Researchers from Clemson University in Philadelphia, US found that the device users were able to keep track of the number of bites during a meal. These users also ate less and reduced their overall intake during a meal.
The innovation aims to provide users with an alternative way of measuring how much they've had to eat or drink. Current methods such as calorie counting are considered inaccurate and time consuming.
The series of experiments used intake monitoring technology to help an individual avoid the ‘mindless margin.’ This refers to the influence of various environment cues (portion size, serving dish size, plate size and social interaction) that can lead to overeating without the subject noticing.
In the first experiment, food served on a larger plate led to a greater number of bites and therefore more food was consumed. Those that received feedback consumed less and took fewer bites.
In the second experiment, subjects were given either a low-bite goal or a high-bite goal for their meal. Findings revealed that those eating from a large plate consumed more but did not take more bites.
Those that were given a low goal on the number of bites taken took fewer bites but did not consume less.
"It was found that the presence of bite count feedback led to a reduction in overall consumption. This finding is consistent with current literature that shows feedback on consumption leads people to consume less," said Phillip Jasper, study researcher at Clemson University.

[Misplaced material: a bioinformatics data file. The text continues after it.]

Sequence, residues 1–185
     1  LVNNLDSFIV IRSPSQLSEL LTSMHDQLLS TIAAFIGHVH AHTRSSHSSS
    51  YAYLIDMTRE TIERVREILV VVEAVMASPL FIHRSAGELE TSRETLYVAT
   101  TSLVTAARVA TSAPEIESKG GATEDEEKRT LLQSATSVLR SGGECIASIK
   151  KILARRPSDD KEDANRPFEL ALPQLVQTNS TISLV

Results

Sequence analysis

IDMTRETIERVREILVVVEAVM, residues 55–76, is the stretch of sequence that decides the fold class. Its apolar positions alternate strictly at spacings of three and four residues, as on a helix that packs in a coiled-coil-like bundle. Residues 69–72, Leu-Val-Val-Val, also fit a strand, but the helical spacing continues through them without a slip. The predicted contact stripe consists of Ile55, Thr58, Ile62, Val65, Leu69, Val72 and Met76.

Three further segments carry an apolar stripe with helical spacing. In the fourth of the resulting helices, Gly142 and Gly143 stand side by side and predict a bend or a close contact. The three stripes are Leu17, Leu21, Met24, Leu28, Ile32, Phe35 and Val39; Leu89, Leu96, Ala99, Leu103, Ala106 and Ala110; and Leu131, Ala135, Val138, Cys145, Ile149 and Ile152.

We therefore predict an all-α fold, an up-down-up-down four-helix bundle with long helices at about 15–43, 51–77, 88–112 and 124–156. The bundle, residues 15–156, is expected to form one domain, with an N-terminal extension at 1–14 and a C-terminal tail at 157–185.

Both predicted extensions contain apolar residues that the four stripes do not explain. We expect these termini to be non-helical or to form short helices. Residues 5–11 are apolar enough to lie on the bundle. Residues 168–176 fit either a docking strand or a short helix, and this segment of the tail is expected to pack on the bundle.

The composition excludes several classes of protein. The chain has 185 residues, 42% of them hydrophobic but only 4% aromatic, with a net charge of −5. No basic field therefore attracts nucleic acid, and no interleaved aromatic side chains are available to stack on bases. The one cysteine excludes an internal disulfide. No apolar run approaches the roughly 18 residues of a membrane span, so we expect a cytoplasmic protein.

"It was found that this type of feedback does not eliminate the effect of environment cues such as plate size. Individuals may eat less when they receive bite count feedback, but feedback alone may not be sufficient in terms of helping them to take an 'appropriate' or 'normal' number of bites, particularly in the presence of large plates."
In the first study, 62 women aged around 19 years made up a total of 94 subjects, who were given lunch in a laboratory setting. The second study examined 99 subjects of which 56 were women. These subjects were aged 18.5 years and were given a lunch meal under the same conditions.
In both studies subjects consumed their lunch, which was served on a small or large plate. In the first study participants either wore an automated bite counting device or did not.
In the second study, subjects who wore the bite counting device were given either a low bite count goal (12 bites) or a high bite count goal (22 bites).
“In an effort to reach satiety while not surpassing the given goal, participants felt as though they needed to take larger bites than they typically would," explained Jasper.
"By giving people bite count feedback, which is a good indicator for energy intake, they know how much they've had to eat or drink, they know their intake so they can better adjust their energy expenditure behaviours."
New approaches to help people lose weight by providing them with external indicators of their energy intake have proved popular over the last few years.
The Swedish-based company AB Mando, has made available its product the Mandometer, a portable scale connected to a computer that generates a real-time graph of weight representing food removal from a plate.
It can help individuals control their eating rate by providing feedback relative to a goal rate, represented by a line on the computer monitor.
In a similar vein, HapiLabs have created the HapiFork, an eating tool that measures duration of eating, eating rate, and the number of bites an individual takes. It is based on an electric circuit that is closed when the fork is inserted into the mouth.
Source: Journal of the Academy of Nutrition and Dietetics
Published online ahead of print, doi:10.1016/j.jand.2016.05.004
“Effects of Bite Count Feedback from a Wearable Device and Goal Setting on Consumption in Young Adults.”
Authors: Eric Muth et al.